The agents in a computational model need not be given much knowledge of one another, or of the model's working. They lack just as we in our world lack, any direct lines to the gods. They do not 'know the model' they are in, and need to struggle to learn what is going on. Agents like this might strike Austrian economists as somewhat interesting. We would not expect the virtual agents of such computational models ever to be terribly creative creatures, by our standards. They could be interpreted as creative for their world, however, in the sense that they will experiment with modes of behavior they stumble upon, learn from their experience and adopt the ones that seem to work. The set of all possible modes of behavior that are there to stumble into will be available only to the gods. This seems similar, in the relevant respect, to the circumstance in which we mortals find ourselves within our world. pp 554-55.That is a paragraph from the chapter "Austrian models? Possibilities of evolutionary computation" by Don Lavoie, in The Elgar companion to Austrian economics, edited by Peter Boettke (1994). Lavoie is obviously referring to Agent Based Models (ABM).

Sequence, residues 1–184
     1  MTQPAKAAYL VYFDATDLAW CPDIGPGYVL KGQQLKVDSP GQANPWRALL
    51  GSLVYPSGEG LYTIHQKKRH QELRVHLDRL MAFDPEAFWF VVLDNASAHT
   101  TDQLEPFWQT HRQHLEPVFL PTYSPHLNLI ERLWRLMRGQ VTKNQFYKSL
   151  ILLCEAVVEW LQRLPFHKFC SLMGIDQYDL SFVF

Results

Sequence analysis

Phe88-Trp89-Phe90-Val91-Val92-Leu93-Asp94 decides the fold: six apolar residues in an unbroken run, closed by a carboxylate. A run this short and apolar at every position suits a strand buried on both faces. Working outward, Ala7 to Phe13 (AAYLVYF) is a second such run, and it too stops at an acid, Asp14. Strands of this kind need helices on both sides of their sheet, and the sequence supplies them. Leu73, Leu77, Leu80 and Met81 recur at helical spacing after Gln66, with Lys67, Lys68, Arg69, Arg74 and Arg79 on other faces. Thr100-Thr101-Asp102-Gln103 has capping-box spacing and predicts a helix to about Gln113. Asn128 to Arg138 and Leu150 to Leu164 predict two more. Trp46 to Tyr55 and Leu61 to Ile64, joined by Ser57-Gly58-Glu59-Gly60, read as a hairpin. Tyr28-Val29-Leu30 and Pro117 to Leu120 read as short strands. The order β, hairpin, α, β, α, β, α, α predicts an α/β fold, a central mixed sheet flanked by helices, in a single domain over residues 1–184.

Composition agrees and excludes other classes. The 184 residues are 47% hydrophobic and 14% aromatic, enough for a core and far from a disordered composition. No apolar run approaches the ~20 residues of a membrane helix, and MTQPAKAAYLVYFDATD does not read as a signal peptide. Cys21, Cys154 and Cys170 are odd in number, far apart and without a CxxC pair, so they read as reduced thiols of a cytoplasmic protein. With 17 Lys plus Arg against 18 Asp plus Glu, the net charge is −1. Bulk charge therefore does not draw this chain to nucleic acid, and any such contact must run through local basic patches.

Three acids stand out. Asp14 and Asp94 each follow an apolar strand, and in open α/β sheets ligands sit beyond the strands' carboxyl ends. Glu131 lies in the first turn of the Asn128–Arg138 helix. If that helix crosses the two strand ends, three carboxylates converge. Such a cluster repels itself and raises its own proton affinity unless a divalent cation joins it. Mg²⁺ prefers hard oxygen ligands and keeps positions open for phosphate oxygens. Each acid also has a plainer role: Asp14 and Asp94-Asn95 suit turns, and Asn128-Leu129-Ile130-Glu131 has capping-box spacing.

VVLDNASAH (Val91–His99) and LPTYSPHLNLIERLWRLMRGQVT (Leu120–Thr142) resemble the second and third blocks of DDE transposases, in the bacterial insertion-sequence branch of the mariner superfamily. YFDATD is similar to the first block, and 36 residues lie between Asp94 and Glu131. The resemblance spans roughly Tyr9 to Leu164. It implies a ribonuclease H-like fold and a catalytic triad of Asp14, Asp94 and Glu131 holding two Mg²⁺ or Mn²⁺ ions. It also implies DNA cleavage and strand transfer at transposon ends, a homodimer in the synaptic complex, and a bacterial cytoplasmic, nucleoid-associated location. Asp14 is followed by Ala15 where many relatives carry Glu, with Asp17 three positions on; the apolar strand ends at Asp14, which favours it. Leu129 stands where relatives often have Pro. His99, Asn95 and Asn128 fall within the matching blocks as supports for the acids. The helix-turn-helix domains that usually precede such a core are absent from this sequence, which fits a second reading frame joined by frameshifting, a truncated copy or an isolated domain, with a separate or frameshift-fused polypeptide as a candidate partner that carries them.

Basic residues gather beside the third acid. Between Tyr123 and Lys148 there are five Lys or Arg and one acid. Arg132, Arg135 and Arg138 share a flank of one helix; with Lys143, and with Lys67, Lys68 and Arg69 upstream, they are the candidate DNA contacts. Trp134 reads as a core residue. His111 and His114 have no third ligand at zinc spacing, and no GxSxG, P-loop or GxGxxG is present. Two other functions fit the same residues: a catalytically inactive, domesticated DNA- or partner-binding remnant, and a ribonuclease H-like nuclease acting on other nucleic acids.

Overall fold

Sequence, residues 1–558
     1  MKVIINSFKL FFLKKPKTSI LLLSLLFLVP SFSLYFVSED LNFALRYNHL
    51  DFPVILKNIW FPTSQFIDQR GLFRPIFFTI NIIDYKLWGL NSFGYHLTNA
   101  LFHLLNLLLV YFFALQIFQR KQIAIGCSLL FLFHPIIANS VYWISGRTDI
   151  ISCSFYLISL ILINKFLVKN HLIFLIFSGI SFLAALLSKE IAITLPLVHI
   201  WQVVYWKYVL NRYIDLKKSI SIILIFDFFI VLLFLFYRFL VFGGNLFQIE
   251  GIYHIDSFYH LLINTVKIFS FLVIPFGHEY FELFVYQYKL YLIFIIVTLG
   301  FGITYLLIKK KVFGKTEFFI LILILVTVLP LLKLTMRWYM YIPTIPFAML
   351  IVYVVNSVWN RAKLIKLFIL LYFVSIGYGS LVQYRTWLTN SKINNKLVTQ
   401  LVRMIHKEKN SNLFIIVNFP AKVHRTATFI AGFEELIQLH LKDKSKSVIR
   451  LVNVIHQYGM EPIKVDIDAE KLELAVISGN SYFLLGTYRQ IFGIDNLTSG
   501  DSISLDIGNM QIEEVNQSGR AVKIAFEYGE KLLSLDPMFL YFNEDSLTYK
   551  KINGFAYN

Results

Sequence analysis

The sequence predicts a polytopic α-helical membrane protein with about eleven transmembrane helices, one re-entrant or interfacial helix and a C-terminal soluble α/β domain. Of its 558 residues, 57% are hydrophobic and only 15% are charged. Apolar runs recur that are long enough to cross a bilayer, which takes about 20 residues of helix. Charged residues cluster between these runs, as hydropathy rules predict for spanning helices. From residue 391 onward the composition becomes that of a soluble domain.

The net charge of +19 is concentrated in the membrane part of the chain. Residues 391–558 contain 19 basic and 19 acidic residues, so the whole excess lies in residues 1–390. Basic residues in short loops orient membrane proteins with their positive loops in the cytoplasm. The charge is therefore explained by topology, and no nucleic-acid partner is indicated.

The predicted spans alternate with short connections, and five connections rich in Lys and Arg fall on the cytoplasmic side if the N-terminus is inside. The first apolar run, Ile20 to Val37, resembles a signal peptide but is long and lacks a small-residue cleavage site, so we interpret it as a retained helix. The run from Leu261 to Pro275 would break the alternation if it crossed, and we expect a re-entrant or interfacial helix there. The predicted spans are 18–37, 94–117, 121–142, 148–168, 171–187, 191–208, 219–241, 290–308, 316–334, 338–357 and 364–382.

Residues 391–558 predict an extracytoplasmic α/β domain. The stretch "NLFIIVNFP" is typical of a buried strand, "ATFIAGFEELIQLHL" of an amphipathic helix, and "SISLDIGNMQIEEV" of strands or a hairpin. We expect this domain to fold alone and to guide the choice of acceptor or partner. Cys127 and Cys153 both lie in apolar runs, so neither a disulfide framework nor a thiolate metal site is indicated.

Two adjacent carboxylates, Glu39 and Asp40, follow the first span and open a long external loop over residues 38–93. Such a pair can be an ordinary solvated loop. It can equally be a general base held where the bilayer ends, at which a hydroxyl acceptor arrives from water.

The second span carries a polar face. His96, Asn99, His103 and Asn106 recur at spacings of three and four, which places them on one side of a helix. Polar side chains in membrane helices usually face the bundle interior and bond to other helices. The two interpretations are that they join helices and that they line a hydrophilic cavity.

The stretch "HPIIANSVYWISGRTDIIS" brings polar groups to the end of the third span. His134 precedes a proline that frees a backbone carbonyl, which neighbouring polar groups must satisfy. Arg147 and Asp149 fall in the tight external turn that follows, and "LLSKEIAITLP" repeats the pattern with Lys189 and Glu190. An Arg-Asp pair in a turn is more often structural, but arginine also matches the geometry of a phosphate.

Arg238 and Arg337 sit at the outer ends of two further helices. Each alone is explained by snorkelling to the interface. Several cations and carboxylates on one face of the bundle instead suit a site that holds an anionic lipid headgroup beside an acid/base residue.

Lavoie was a professor of Austrian economics, among other subjects, at GMU and influenced several important economists. He was interested in different approaches to understand society. The paragraph above is one example which tells about his interest in evolutionary computation. He was also interested in culture and economics, hermeneutics, among other fields.
ABMs have been around for several years. One example is the Sugarscape model by Epstein and Axtell. Currently important macroeconomists are exploring those models to understand outcomes and dynamics that can not be explored by using standard macroeconomic models that usually assume homogeneous agents and equilibrium. See here an example of a project to develop an ABM for an economic crisis. Rajiv Sethi has a very interesting post on ABM vs Dynamic Stochastic General Equilibrium (DSGE) models.